In 1989, the blockbuster hit Back to the Future took the world by a storm with wild technology predictions. Now, we know the film might have missed the mark on flying cars and power clothes, but many of its predictions were more accurate than expected. Case in point: wearables.
From virtual reality headsets to fitness trackers, wearable technology powers this notion of the “quantified self” where our personal lives can be digitalized and analyzed with the end goal of being “improved.”
But when it comes to our professional lives, can we similarly analyze and improve them in order to enable productivity? Yes! Just as we are living in the era of the “quantified self” the enterprise is now entering the era of the “quantified user.”
But don’t just take my word for it. Here is how and, more importantly, why you should care…
What is the “quantified user?”
Think about the workplace today: it is one where people, processes and technologies are overwhelmingly digital and largely managed by third parties (eg: Office 365 and other business-critical SaaS offerings). And this is a great thing!
But this also presents an unforeseen challenge for IT which is, “how do we support a workforce that is largely digital and whose technology resources may or may not be managed by us?”
The key to supporting today’s workforce lies within the concept of the “quantified user” where, just as we are able to quantify the number of steps we take per day to help us improve our personal health, the “quantified user” is one whose end user experience within the digital workspace is quantified and given a score in order to enable productivity.
You might think that, at a glance, there is a loose relationship between a user’s experience and their productivity. However, over the past 20 years, workspace analytics provider, Lakeside Software has found the better the user experience score an employee has, the lower the barriers to productivity within the digital workspace. How? Via a healthier, more available desktop experience.
End user experience score: the most important metric in IT.
A bold statement, I know, but the end user experience score is the most important metric in IT because it accurately and objectively measures how all the technologies and actions taken by IT are enabling business productivity, which is the original purpose of any IT team.
The end user experience score is one that is normalized and is not touched by IT or IT vendors, and serves two purposes: inform what factors are impacting productivity and improve visibility into the health and performance of technology investments.
So how do we calculate the end user experience score?
Calculating employees’ end user experience score is done by analyzing and managing all the factors that could impact their productivity using a data-collection agent right where they conduct most if not all their work: the endpoint.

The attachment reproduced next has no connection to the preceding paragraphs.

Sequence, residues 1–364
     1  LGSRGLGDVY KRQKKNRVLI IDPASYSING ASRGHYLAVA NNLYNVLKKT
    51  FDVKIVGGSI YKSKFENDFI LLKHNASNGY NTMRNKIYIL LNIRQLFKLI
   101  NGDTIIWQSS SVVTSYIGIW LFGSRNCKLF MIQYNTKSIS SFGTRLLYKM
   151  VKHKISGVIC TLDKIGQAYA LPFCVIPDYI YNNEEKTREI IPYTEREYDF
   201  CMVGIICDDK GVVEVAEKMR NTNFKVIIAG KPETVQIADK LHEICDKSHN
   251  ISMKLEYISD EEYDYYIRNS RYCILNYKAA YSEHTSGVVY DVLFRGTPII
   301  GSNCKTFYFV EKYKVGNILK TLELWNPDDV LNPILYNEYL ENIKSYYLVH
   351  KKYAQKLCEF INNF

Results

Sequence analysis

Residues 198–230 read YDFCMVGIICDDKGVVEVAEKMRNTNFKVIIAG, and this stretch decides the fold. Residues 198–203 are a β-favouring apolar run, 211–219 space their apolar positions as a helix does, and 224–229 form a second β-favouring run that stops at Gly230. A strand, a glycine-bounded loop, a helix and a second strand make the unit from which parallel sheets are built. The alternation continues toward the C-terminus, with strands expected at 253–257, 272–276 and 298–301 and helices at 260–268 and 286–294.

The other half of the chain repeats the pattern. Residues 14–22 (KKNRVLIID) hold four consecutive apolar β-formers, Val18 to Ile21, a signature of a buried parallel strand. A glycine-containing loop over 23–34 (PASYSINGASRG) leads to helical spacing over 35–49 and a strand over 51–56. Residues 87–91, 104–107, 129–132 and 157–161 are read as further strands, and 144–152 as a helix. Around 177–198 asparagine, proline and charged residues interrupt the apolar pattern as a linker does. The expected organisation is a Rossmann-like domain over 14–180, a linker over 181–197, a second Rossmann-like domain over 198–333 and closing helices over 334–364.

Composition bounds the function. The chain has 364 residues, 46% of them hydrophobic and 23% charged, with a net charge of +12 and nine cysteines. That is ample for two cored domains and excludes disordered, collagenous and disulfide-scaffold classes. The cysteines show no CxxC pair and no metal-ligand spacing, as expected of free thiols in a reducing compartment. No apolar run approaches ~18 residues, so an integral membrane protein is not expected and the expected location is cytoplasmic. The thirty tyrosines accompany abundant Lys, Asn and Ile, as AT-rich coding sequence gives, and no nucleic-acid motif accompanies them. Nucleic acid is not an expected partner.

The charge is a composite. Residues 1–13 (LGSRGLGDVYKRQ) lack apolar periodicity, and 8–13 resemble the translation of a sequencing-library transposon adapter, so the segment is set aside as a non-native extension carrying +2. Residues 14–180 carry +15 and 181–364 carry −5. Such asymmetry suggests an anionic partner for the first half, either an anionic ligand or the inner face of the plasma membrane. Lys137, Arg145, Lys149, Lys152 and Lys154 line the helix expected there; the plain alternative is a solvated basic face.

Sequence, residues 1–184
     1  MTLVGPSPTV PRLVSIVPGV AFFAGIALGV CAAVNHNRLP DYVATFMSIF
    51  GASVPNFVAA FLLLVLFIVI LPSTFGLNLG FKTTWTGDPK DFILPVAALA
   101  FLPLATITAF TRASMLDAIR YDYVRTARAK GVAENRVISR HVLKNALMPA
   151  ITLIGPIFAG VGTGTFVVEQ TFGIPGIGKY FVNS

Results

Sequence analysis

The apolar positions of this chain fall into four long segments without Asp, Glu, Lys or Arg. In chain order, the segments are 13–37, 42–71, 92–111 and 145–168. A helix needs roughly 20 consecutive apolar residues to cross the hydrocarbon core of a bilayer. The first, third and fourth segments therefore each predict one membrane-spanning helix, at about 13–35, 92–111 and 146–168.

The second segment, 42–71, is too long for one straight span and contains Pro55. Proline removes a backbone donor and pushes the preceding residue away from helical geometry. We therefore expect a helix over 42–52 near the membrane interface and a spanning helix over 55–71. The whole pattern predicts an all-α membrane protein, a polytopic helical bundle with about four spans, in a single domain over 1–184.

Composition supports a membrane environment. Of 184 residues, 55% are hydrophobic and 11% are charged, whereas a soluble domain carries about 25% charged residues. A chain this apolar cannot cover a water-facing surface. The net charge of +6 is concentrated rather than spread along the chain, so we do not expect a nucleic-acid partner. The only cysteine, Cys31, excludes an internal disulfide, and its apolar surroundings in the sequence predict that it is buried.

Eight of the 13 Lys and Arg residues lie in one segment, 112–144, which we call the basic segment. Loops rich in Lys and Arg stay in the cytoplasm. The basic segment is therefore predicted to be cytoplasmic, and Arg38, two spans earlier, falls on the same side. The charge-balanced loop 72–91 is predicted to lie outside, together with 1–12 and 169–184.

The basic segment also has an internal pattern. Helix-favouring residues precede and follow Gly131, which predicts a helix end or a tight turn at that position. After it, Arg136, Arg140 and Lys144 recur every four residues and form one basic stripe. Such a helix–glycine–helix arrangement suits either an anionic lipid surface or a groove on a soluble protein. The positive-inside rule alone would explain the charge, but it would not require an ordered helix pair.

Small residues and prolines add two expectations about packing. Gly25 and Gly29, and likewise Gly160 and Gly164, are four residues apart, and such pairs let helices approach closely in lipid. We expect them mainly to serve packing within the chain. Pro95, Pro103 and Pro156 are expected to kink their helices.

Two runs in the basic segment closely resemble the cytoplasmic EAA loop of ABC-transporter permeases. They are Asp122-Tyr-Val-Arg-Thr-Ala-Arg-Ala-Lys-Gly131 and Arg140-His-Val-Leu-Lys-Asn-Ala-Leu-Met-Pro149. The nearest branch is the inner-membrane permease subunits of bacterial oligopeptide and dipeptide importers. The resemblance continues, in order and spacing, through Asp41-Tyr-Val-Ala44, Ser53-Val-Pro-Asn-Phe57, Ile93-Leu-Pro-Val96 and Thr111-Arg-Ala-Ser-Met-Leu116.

Why the endpoint? Because as critical IT functions are being outsourced and managed by third parties, reduced visibility into network transactions, data center transactions, and overall IT infrastructure is inevitable. Therefore, an employee’s workspace, the endpoint, has become the most privileged point of view IT can have into the state and the health of an increasingly scattered IT environment.
The end user experience score is one that should be calculated based on the availability and performance of all the factors that could impact the end user experience, that is everything from network and resource problems to infrastructure and system configuration issues.
The result is a score that is normalized and supports the “quantified user.” It is one that can be compared across teams and groups of users, and one that the IT team can work to improve in order to enable business productivity of those who matter most: the end users.
How to start using your end user experience score to enable productivity
Lakeside Software’s flagship solution, SysTrack, is based on permeating the use of the end user experience score throughout IT. A solution for workspace analytics, SysTrack is an endpoint agent that gathers and analyzes end user data on usage, experience and the overall endpoint in order to help IT teams in the following key areas:
- Asset Optimization: ensuring the cost of IT is being optimized for the captured needs and usage of the users
- Event Correlation and Analysis: pinpointing and resolving IT issues blocking users from being productive
- Digital Experience Monitoring: monitoring and most importantly, analyzing end users’ experience with all the technologies and business processes provided for by the organization.
Patricia Diaz is the Head of Product Marketing at Lakeside.